Peter Strzok, Mueller investigator, removed from case after anti-Trump texts discovered
Special counsel Robert Mueller removed one of the FBI’s top Russian counterintelligence investigators from his team after an internal probe found he sent messages that showed possible bias for Hillary Clinton and against President Trump.
Peter Strzok, who led the investigation of Mrs. Clinton’s email server in 2016, left the special counsel’s team last summer. He sent the text messages to Lisa Page, an FBI lawyer who also left the Mueller investigation this past summer.
“Immediately upon learning of the allegations, the special counsel’s office removed Peter Strzok from the investigation,” said Peter Carr, a spokesman for the special counsel’s office. “Lisa Page completed her brief detail and had returned to the FBI weeks before our office was aware of the allegations.”
The Justice Department’s Office of the Inspector General has been reviewing both the FBI’s and the DOJ’s handling of the Clinton probe, which cleared the Mrs. Clinton of criminal wrongdoing. The messages from Mr. Strzok were discovered in the course of that internal review.
Sources told The New York Times that the messages sent during the 2016 campaign appeared to be making fun of then-candidate Mr. Trump, and raised concerns that they could be seen as being pro-Clinton.
The Justice Department’s Office of the Inspector General said in a statement Saturday that it has been “reviewing allegations involving communications between certain individuals, and will report its findings regarding those allegations promptly upon completion of the review of them.”
The OIG said it had earlier commented that its review of the Clinton matter “would, among other things, consider whether certain underlying investigative decisions were based on improper considerations and that we also would include issues that might arise during the course of the review.”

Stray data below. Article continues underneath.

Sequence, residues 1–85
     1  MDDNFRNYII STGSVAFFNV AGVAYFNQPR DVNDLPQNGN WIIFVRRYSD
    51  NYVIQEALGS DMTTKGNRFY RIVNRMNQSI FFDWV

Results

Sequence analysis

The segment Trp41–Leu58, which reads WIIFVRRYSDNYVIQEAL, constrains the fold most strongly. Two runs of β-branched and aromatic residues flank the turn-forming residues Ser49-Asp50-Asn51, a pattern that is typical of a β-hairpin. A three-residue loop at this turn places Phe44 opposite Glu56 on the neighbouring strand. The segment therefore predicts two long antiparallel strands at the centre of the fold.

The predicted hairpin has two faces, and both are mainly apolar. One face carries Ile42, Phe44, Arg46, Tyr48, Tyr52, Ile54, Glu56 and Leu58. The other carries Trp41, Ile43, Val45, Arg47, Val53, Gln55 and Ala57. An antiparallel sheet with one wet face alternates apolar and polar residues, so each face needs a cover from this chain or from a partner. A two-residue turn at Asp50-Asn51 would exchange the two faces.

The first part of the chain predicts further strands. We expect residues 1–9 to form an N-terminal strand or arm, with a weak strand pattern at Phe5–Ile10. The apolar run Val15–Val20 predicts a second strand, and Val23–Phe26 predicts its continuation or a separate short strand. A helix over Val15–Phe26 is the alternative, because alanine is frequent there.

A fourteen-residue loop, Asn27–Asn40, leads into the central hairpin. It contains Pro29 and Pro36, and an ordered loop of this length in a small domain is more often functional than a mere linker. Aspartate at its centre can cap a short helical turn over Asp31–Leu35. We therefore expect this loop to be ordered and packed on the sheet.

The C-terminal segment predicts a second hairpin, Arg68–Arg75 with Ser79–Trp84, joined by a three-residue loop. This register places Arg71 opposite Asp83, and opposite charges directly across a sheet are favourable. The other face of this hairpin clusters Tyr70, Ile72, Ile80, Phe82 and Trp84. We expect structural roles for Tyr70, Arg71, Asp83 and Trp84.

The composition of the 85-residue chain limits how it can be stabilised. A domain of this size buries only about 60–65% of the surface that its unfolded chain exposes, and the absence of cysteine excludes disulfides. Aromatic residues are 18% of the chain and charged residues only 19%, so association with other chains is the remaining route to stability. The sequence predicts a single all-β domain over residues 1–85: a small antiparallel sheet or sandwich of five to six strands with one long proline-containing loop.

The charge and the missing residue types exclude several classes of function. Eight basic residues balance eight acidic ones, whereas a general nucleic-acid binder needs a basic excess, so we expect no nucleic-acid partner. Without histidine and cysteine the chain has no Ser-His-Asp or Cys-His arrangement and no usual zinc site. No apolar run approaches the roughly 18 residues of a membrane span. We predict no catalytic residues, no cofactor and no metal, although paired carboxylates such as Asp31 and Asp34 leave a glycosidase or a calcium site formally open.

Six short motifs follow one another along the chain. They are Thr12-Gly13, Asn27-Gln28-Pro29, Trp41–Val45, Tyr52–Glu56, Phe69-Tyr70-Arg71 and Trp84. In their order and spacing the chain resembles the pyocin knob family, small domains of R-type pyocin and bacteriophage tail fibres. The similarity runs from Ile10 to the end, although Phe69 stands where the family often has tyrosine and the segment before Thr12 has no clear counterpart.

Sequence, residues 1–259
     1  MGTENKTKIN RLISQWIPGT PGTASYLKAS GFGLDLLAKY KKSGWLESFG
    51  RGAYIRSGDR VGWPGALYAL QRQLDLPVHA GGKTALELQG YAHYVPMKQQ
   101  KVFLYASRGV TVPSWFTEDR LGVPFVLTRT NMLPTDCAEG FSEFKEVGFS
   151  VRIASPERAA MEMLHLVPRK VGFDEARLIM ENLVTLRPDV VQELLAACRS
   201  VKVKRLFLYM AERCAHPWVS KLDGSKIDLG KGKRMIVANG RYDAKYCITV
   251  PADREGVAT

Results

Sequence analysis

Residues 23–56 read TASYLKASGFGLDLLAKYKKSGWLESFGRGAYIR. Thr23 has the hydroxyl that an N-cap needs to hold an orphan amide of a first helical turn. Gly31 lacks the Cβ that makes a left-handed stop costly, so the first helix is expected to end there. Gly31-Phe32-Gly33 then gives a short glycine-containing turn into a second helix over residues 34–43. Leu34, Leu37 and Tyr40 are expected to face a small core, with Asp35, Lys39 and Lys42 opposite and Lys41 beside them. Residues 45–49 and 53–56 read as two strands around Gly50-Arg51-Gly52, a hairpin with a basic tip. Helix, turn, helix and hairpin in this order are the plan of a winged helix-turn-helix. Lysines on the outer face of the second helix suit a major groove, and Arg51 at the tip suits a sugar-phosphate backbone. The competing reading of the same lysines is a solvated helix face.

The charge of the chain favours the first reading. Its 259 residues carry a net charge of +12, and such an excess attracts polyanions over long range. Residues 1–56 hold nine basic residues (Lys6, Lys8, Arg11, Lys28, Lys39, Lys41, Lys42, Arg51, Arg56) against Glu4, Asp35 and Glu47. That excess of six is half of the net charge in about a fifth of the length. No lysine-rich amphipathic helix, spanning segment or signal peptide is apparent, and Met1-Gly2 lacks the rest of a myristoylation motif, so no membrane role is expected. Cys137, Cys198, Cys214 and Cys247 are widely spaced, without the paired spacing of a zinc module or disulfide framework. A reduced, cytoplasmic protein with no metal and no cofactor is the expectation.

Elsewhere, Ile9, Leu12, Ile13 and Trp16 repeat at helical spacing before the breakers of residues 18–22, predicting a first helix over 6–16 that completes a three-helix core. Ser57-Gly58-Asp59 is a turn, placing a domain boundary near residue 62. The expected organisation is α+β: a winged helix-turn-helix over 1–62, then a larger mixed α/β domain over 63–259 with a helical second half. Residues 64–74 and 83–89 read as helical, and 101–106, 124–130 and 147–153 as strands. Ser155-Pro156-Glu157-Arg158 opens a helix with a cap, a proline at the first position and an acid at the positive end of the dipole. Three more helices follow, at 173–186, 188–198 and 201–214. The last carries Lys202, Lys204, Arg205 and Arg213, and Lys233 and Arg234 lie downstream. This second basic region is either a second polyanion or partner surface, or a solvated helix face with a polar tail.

Attorney General Jeff Sessions said Saturday that if proven true, the allegations “would raise serious questions of public trust.”
He requested that the inspector general’s office complete the report as soon as possible and in the meantime, has directed FBI Director Chris Wray to review the matter “and promptly make any necessary changes to his management and investigative teams consistent with the highest professional standards.”
The inspector general’s wide-ranging investigation, announced in January, is reviewing several sets of accusations: that FBI policies were not followed when former FBI Director James B. Comey made a series of disclosures about the Clinton email investigation, that at least two agency officials should have recused themselves from involvement in the case because of close Clinton ties, and that department employees may have leaked information.
The investigation won’t reopen the issue of whether Mrs. Clinton should be prosecuted over her email server and the resulting mishandling of classified information.
But the OIG said that as previously announced, its review of the Clinton matter “would, among other things, consider whether certain underlying investigative decisions were based on improper considerations and that we also would include issues that might arise during the course of the review.”
In a statement issued by the FBI on the inspector general’s investigation, the bureau said it “holds all of its employees to the highest standards of integrity, independence and professionalism, as the American public rightly expects.”
“The FBI has clearly defined policies and procedures regarding appropriate employee conduct, including communications,” the statement said. “When the FBI first learned of the allegations, the employees involved were immediately reassigned, consistent with practices involving employee matters.”
Andrea Noble contributed to this report.